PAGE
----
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Endogeneity in Attendance Demand Models

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  • Roger Noll

    () (Stanford University)

Abstract

One of the most studied issues in the economics of sports is the nature of the demand for attendance at sporting events. With few exceptions, the standard result is that the coefficient on price in the attendance demand equation is either positive or, if negative, so small that at current prices demand is inelastic. Economists have then moved on to offering a variety of explanations for why this result may be valid, despite its inconsistency with theoretical explanations. This paper argues that the cause of price coefficients that are insufficiently negative is a specification error: the failure properly to identify the price equation in the supply and demand system. The main conclusion is that because all teams in a given sport face essentially the same marginal cost of attendance, the only circumstance in which price can be identified is one in which all or nearly all games are sellouts and teams play in stadiums of widely varying capacities. Because this condition is rarely satisfied, the best available econometric procedure is to impose a restriction on the price coefficient to the effect that the elasticity of demand is one minus the share of net revenues that are generated by in-stadium sources other than ticket sales (i.e., parking, concessions, advertising, programs).

Suggested Citation

  • Roger Noll, 2012. "Endogeneity in Attendance Demand Models," Discussion Papers 11-013, Stanford Institute for Economic Policy Research.
  • Handle: RePEc:sip:dpaper:11-013
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    References listed on IDEAS

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    1. Jeffery Borland, 2003. "Demand for Sport," Oxford Review of Economic Policy, Oxford University Press, vol. 19(4), pages 478-502, Winter.
    2. David J. Berri & Martin B. Schmidt & Stacey L. Brook, 2004. "Stars at the Gate," Journal of Sports Economics, , vol. 5(1), pages 33-50, February.
    3. Rodney Fort, 2004. "Inelastic sports pricing," Managerial and Decision Economics, John Wiley & Sons, Ltd., vol. 25(2), pages 87-94.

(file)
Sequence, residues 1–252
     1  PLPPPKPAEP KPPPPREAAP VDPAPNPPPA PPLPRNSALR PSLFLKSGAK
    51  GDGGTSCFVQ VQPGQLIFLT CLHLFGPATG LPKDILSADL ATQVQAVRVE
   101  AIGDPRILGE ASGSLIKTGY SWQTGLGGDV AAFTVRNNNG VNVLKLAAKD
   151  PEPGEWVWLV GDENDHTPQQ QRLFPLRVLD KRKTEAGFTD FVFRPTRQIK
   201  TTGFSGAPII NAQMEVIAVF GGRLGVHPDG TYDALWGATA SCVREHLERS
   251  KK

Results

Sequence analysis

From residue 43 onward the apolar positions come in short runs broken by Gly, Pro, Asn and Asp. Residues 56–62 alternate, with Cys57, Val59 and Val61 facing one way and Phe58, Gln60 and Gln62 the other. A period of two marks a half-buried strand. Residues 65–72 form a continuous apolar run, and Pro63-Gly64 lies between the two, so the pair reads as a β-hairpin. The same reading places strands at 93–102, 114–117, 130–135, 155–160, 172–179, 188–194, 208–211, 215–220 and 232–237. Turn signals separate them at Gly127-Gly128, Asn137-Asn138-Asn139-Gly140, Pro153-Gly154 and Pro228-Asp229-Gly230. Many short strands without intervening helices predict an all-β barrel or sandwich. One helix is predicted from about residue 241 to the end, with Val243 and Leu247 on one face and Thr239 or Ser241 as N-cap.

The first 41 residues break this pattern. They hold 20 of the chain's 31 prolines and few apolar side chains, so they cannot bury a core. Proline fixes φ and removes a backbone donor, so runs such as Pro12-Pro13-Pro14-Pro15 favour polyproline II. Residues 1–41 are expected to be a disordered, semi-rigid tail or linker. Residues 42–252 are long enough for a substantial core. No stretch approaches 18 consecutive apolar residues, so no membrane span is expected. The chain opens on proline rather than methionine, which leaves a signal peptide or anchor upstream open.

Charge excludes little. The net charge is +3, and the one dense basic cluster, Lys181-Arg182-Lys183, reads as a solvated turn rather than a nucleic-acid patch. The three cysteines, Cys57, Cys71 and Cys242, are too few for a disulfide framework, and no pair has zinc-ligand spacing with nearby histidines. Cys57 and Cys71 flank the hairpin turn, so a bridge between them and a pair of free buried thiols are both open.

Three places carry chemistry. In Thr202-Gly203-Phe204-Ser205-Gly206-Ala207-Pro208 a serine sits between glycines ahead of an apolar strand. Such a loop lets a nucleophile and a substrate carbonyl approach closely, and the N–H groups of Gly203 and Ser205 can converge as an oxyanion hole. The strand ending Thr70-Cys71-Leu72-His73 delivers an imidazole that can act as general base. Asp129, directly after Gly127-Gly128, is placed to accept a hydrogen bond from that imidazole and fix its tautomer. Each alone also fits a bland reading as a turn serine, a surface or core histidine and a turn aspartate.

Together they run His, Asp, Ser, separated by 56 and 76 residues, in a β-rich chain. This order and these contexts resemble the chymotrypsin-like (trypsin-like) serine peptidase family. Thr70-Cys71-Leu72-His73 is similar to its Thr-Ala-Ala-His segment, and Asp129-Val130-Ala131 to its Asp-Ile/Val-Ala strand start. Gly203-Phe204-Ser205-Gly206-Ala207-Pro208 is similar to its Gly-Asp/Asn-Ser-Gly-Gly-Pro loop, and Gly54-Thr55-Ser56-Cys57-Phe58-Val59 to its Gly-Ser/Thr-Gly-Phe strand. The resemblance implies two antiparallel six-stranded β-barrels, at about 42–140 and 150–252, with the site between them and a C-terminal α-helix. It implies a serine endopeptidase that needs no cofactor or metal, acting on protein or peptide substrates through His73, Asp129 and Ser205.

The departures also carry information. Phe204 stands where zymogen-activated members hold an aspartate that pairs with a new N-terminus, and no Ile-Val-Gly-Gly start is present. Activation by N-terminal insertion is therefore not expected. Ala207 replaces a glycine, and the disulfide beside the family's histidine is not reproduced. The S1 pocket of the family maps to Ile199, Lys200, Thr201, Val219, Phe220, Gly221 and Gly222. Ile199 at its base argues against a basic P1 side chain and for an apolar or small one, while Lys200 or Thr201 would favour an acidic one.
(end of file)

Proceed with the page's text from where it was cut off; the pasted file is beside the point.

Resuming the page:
4. Dennis Coates & Brad R. Humphreys, 2007. "Ticket Prices, Concessions and Attendance at Professional Sporting Events," International Journal of Sport Finance, Fitness Information Technology, vol. 2(3), pages 161-170, August.
    5. Jones, J C H & Ferguson, D G, 1988. "Location and Survival in the National Hockey League," Journal of Industrial Economics, Wiley Blackwell, vol. 36(4), pages 443-457, June.
    6. Guillermo Villa & Isabel Molina & Roland Fried, 2011. "Modeling attendance at Spanish professional football league," Journal of Applied Statistics, Taylor & Francis Journals, vol. 38(6), pages 1189-1206, April.
    7. John Goddard & Peter J. Sloane, 2005. "Economics of sport," Chapters,in: Economics Uncut, chapter 12 Edward Elgar Publishing.
    8. Jeffrey M. Wooldridge, 2001. "Applications of Generalized Method of Moments Estimation," Journal of Economic Perspectives, American Economic Association, vol. 15(4), pages 87-100, Fall.
    9. Sloane, Peter J, 1971. "The Economics of Professional Football: The Football Club as a Utility Maximiser," Scottish Journal of Political Economy, Scottish Economic Society, vol. 18(2), pages 121-146, June.
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    Cited by:

    1. Raul Caruso & Marco Di Domizio, 2015. "La Serie A In Televisione E Allo Stadio: Presentazione Del Dataset Audiball 1.0," Rivista di Diritto ed Economia dello Sport, Centro di diritto e business dello Sport, vol. 11(1), pages 161-185, maggio.
    2. Mauricio Vaz Lobo Bittencourt & Leonardo Chaves Borges Cardoso & Elena Grace Irwin, 2016. "Biofuels Policies And Fuel Demand Elasticities In Brazil: An Iv Approach," Anais do XLIII Encontro Nacional de Economia [Proceedings of the 43rd Brazilian Economics Meeting] 181, ANPEC - Associação Nacional dos Centros de Pós-Graduação em Economia [Brazilian Association of Graduate Programs in Economics].

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